In such volatile times, continuous learning is moving up the list of director responsibilities. “One of the boards I advised recently identified continuous learning as a critical skill set for both boards and the C-suite,” says Cottrell. “I think that acknowledging the importance of continuous learning creates a really strong connection between the board and the organisation that says a lot to shareholders and other stakeholders.
“Organisations around the world are now using a dashboard to monitor ongoing changes to the critical skill sets of the organisation,” she adds. “This not only makes the skills matrix come alive, it indicates to their shareholders that they have a future-forward approach.”
The matrix in action
Practical pointers and insights for setting up, refining and future-proofing a board skills matrix, across a cross-section of organisational maturity and sector needs.
BOARD 101: Matrix basics
When considering the composition of a board, it’s crucial to thoroughly map out the skills, experience and backgrounds that are desired for the board as a whole, according to AICD’s Guidance for Preparing a Board Skills Matrix (bit.ly/SkillsMatrixTool).
The common matrix layout aligns the individual capabilities of each director with the collective needs. This mapping should be closely tied to the organisation’s strategic goals and the principal challenges it faces, ensuring that the board’s composition is aligned with its direction.
It’s also important to distinguish the specific skills and experiences required for board members from those expected of the chair, as these roles will have different responsibilities and contributions. A board should consider how defensible its planned future composition is in the event that it receives unsolicited applications.
A nuanced approach, using a rating scale, can provide a more detailed assessment of the extent to which the board members possess the desired attributes, rather than a yes/no evaluation. To aid in succession planning and the ongoing assessment of board capabilities, it’s beneficial to include the term expiry dates for each board member.
Regular critical examination of the skills matrix is advised, with the board itself or a dedicated committee — such as a nominations committee — performing an annual review. This matrix isn’t just a tool for evaluation, it’s also a strategic instrument for identifying gaps that can be addressed through targeted board training, development and succession planning.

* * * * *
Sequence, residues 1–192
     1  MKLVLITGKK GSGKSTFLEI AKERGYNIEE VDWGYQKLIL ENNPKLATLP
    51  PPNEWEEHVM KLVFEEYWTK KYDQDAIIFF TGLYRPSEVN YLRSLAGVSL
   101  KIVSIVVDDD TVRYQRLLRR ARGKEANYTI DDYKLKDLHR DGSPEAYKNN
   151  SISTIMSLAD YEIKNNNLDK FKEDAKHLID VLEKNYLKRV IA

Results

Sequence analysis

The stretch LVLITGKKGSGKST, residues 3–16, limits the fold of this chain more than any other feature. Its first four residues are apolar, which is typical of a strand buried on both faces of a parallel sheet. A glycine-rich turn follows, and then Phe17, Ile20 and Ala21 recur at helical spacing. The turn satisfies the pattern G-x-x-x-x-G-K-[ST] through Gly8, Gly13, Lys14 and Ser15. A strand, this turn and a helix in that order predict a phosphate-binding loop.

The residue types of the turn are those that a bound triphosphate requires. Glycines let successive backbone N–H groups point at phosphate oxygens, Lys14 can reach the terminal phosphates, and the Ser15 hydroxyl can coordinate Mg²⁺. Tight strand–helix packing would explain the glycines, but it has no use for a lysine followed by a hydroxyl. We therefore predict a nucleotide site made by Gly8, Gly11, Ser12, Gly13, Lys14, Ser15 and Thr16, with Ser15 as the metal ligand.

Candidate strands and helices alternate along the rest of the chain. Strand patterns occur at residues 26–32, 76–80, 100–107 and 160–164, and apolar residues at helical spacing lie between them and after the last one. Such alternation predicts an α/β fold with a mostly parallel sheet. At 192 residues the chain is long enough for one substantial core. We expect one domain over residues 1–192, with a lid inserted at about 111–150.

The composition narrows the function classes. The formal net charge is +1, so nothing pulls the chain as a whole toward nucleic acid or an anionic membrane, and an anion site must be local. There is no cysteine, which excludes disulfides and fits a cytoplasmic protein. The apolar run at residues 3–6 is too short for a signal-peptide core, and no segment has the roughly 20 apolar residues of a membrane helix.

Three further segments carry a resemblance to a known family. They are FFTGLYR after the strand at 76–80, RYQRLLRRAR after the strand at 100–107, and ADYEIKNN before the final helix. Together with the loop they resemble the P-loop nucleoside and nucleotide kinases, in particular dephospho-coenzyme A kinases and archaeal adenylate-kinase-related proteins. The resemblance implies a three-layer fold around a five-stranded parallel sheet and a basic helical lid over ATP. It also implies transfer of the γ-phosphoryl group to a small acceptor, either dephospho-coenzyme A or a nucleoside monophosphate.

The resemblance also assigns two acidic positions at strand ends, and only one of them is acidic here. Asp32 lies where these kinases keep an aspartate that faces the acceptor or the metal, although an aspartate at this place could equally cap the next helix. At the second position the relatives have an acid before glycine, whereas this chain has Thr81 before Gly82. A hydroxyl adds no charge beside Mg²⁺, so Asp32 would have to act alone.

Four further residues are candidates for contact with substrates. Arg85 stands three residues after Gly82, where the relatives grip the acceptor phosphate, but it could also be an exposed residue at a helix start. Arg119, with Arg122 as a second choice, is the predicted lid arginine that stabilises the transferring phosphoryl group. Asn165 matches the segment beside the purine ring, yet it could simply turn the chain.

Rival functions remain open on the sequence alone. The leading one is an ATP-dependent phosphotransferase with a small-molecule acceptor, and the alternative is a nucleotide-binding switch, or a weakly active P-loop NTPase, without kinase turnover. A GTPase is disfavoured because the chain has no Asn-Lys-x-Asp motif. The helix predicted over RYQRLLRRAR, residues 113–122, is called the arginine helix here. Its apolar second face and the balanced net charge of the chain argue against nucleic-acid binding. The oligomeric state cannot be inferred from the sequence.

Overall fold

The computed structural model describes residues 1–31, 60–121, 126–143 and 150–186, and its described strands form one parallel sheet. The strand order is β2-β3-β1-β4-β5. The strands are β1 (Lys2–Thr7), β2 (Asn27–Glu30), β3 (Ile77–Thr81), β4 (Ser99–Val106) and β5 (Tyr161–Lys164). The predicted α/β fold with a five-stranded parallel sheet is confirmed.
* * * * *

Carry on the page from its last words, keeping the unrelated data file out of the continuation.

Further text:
On the flip side, it’s not recommended that boards clutter the skills matrix with basic competencies that are universally expected of all directors, such as an understanding of director duties. Additionally, the inclusion of vague or excessively generalised skill sets should also be avoided, as these do not contribute to a precise and actionable skills assessment.
Case Study #1: Commonwealth Bank
When Commonwealth Bank (CBA) non-executive director Professor Genevieve Bell AO announced that she would step down from the board on 31 October 2023, the nomination committee was presented with a particular challenge — bridging a gap in its digital and technology skills.
Bell, a cultural anthropologist, technologist and futurist, previously a VP at Intel, had been on the bank’s board since 2019. She stood down when she was appointed vice-chancellor and president of the Australian National University.
The nomination committee at CBA reviews its skills matrix annually “to ensure the prescribed skills and experience address CBA’s existing and emerging strategic, business and governance issues”. It also uses the matrix “to guide the identification of potential director candidates as part of the ongoing board renewal process”.
In FY2023, the board revised the “digital and technology” category to “better address emerging issues such as the use of data and analytics, digital transformation, cybersecurity and other technology risks”, according to its annual report.
The matrix maps the skills of directors across 11 criteria and includes the following three levels, which are used to assess the effectiveness of the board and its committees: high competency, knowledge and experience; practised/direct experience; and awareness.